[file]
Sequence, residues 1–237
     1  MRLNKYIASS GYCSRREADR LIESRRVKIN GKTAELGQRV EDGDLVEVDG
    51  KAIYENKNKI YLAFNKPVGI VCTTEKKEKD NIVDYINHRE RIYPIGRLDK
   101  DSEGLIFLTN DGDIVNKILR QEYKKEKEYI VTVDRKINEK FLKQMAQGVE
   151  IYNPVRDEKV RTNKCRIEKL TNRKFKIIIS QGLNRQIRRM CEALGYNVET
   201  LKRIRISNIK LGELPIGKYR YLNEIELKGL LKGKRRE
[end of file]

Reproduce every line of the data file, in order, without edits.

Sequence, residues 1–237
     1  MRLNKYIASS GYCSRREADR LIESRRVKIN GKTAELGQRV EDGDLVEVDG
    51  KAIYENKNKI YLAFNKPVGI VCTTEKKEKD NIVDYINHRE RIYPIGRLDK
   101  DSEGLIFLTN DGDIVNKILR QEYKKEKEYI VTVDRKINEK FLKQMAQGVE
   151  IYNPVRDEKV RTNKCRIEKL TNRKFKIIIS QGLNRQIRRM CEALGYNVET
   201  LKRIRISNIK LGELPIGKYR YLNEIELKGL LKGKRRE